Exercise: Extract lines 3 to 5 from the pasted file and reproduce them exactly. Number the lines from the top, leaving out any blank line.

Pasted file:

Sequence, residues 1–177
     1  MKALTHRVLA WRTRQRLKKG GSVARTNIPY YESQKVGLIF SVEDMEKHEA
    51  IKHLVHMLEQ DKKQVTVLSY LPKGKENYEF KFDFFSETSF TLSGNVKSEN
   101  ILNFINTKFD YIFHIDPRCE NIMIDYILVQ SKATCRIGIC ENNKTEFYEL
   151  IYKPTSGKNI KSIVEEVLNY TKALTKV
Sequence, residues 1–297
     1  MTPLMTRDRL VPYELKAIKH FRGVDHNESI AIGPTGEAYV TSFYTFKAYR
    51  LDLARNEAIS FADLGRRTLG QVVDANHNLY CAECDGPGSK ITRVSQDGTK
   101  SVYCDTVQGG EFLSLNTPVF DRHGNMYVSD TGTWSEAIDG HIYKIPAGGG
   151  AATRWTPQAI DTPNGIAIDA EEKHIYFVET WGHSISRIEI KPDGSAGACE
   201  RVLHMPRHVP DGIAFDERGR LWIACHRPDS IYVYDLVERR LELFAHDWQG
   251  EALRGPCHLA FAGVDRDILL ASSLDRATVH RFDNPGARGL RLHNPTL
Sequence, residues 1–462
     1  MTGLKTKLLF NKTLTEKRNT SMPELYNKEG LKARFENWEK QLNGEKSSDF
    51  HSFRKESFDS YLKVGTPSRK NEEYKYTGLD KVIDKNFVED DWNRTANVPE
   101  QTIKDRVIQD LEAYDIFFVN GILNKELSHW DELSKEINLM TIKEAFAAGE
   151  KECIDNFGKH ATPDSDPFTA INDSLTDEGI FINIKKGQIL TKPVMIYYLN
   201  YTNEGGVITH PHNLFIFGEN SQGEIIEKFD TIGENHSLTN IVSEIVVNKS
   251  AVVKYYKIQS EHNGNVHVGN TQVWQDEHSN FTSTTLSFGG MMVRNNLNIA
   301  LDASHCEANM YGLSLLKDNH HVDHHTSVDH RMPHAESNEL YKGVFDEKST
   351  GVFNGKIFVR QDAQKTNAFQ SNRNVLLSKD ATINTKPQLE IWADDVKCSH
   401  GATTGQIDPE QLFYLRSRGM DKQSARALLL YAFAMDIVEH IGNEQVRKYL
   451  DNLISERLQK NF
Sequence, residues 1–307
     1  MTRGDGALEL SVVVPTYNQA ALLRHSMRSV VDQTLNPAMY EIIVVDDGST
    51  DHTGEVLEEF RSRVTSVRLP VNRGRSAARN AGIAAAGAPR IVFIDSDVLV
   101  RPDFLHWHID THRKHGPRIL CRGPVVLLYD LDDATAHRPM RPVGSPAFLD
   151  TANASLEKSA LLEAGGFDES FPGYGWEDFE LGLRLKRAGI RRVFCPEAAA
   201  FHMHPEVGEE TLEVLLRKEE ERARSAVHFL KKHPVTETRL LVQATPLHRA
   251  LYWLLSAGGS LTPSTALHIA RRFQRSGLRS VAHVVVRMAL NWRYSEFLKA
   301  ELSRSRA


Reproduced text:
    51  IKHLVHMLEQ DKKQVTVLSY LPKGKENYEF KFDFFSETSF TLSGNVKSEN
   101  ILNFINTKFD YIFHIDPRCE NIMIDYILVQ SKATCRIGIC ENNKTEFYEL
   151  IYKPTSGKNI KSIVEEVLNY TKALTKV